The exchanges at the two-day meeting have been thoughtful, articulate and yet passionate. And they have all pointed in the same direction: the need for a new and more effective framework that will improve the mixed outcomes achieved by the current MDGs. As Varun Gauri elegantly pointed out (MDGs that Nudge – Ask your mom or dad), we need a new MDG framework that “captures the attention and enthusiasm of non-experts (regular people)”. We also need a framework that can make a difference on the ground.

Friday Roundup: Rural Programmes, Middle-Income Trap, Slums in Africa, Currency Wars, and Open States

LTD Editors's picture

By encompassing social, political, and feudal factors in development, Rural Support Programmes have enjoyed success in India and Pakistan for the past 30 years. Why did they work? For one, the approach acknowledges that ‘one size doesn’t fit all’ and second, it looks for a holistic growth. Read the article on the Guardian to find out how communities can unlock their own potential.

What is a middle-income trap? The concept has been quite popular for some time, but only recently has been tested and defined. The concept broadly defines the fast-growing economies that suffered steep slowdown, and hence their dilemma of being caught between poverty and prosperity. There has been a lot of debate on poverty or prosperity, but it has substantially benefitted from work done by Barry Eichengreen, Donghyun Park, and Kwanho Shin. Read the post on Free Excgange to get an insight on their work.

Coastal Wetlands Highly Vulnerable to Sea-Level Rise

Susmita Dasgupta's picture

Photo: istockphoto.comSea-level rise from climate change is a serious global threat, and there is overwhelming scientific evidence that sea-level will continue to rise for centuries even if green house gas concentrations were to be stabilized today.

Recently, Brian Blankespoor, Benoit Laplante and I investigated potential impacts of sea-level rise on coastal wetlands. Our study indicates a rise in sea levels due to climate change of just one meter could destroy more than 60 percent of the developing world’s coastal wetlands currently found at one meter or less elevation. We estimate that such a rise would lead to economic losses of around $630 million per year.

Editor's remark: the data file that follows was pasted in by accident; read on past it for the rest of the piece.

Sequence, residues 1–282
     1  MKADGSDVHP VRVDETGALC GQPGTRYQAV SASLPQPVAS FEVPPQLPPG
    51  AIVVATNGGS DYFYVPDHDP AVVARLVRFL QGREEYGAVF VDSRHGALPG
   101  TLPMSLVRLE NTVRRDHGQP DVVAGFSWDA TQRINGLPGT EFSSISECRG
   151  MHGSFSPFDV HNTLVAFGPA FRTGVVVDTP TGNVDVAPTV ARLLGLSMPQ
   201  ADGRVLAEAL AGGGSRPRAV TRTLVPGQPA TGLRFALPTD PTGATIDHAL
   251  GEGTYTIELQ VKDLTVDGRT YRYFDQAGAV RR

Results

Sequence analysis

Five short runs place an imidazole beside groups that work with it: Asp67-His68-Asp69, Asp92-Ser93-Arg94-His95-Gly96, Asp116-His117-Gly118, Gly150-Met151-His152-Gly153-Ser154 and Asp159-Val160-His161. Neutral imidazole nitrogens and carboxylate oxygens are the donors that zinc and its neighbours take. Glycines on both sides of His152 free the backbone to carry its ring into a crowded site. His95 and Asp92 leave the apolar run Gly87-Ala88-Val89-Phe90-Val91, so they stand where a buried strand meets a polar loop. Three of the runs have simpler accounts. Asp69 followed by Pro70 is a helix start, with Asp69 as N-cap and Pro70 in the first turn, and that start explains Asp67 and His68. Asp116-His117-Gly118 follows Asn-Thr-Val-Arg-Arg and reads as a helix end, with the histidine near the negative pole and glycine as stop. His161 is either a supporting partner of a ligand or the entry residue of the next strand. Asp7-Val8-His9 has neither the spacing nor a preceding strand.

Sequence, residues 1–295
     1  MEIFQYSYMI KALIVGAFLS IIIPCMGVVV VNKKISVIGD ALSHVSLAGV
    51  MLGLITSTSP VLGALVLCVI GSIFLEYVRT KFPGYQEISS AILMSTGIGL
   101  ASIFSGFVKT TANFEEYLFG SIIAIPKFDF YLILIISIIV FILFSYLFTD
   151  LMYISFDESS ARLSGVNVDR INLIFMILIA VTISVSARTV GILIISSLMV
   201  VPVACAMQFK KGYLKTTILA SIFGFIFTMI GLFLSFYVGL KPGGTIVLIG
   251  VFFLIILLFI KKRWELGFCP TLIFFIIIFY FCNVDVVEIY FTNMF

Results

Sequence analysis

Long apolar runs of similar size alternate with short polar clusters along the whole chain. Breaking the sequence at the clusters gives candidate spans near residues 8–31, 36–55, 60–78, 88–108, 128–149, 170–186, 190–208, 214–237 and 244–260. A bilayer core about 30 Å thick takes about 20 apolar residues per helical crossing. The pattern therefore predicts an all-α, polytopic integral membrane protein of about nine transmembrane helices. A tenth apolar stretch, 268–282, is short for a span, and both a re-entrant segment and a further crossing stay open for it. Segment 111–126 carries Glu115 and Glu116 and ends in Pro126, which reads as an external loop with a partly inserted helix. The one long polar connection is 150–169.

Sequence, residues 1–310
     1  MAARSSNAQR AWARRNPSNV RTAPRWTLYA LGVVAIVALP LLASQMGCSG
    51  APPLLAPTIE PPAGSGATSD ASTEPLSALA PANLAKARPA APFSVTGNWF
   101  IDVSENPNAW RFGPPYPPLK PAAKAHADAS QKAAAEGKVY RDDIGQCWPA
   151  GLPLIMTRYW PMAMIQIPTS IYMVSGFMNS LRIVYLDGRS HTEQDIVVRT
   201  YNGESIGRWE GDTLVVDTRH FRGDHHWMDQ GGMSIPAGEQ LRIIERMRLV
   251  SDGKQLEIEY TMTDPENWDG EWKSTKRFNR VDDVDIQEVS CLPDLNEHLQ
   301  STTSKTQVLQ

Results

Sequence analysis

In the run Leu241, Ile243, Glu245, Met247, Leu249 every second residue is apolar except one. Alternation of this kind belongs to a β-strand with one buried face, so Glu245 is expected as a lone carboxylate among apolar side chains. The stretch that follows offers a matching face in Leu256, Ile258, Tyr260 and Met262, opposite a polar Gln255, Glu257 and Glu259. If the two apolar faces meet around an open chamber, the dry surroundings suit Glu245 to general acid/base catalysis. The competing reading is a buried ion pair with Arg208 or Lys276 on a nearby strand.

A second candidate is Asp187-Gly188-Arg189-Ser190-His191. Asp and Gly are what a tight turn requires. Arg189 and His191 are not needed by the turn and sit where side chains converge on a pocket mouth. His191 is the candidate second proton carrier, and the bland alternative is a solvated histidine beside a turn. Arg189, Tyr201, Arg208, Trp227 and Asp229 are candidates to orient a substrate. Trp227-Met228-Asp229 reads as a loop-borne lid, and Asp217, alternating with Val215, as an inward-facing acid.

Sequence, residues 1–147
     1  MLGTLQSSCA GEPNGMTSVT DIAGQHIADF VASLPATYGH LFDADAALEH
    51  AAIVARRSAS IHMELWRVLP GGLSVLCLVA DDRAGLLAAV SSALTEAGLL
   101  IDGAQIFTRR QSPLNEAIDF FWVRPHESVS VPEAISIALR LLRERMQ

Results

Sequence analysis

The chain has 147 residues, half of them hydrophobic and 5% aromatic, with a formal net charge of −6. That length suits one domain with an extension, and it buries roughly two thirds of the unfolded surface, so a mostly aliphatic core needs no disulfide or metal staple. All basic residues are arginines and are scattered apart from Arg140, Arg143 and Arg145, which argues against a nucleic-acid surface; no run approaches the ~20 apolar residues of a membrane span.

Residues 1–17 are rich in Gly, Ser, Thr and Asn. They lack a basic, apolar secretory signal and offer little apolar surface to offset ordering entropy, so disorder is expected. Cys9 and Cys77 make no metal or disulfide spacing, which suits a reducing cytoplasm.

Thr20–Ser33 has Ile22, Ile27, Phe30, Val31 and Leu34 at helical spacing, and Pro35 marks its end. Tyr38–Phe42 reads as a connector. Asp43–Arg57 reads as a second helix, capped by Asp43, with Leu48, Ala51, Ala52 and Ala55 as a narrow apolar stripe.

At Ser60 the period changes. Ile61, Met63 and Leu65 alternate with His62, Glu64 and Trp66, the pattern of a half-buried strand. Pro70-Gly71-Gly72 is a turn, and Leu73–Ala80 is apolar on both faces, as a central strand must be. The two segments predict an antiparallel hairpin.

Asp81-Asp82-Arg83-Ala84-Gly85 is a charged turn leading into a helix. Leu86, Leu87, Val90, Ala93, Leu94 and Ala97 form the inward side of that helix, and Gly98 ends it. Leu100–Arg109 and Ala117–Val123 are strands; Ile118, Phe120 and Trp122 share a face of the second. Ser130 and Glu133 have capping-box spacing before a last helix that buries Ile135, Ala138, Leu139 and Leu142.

A Sketch of a Ministerial Meeting on Universal Health Coverage

Adam Wagstaff's picture

I had been warned—I found it hard to believe—that WHO ministerial meetings can be rather dull affairs of little consequence. Ministers typically take it in turn to read their prepared speeches; their fellow ministers appear to be listening attentively through their headsets but some, it seems, have been known to zap through the simultaneous translation channels in search of lighter entertainment. Speeches aren’t played over the loudspeakers for fear of waking jetlagged ministers from their afternoon naps. WHO is a very considerate organization: it likes to make sure that while on its premises visitors reach “a state of complete physical, mental and social well-being.”

Well I’m happy to report that last week’s ministerial meeting on Universal Health Coverage (UHC)—held in Geneva on February 18-19, jointly organized by WHO and the World Bank, and attended by delegates from all over the world (see map)—didn’t fit the stereotype.

The Business of Knowledge

Kaushik Basu's picture

A large part of the task of economic development in the world can be achieved by carrying existing knowledge from where it is available to where it is not. The creation of new knowledge is of course important, but when one looks around at the large areas of unwarranted darkness in the world, it becomes evident that there is a lot to be gained simply by knowledge arbitrage. But the reason why this does not happen, large knowledge gaps persist, and we fail to deliver even when we have the knowhow is that knowledge arbitrage is not as easy as it may appear at first sight.

We have the knowledge needed to eradicate polio from the face of the earth. Years of research gave us the vaccine, first in injectable form and later as oral medicine. By 1962 this was licensed. Yet even now well over a thousand children contract polio each year. This is the reason why we are shocked when we get news of nurses and doctors participating in vaccination campaigns being killed. The most recent was the case of nine women killed in Nigeria by gunmen suspected to be part of a radical Islamist sect. Similar incidents have occurred in Pakistan and Afghanistan. And there is no getting away from the fact that, in many places, terrorists succeed in carrying out these attacks because of pre-existing local suspicion about the polio vaccine.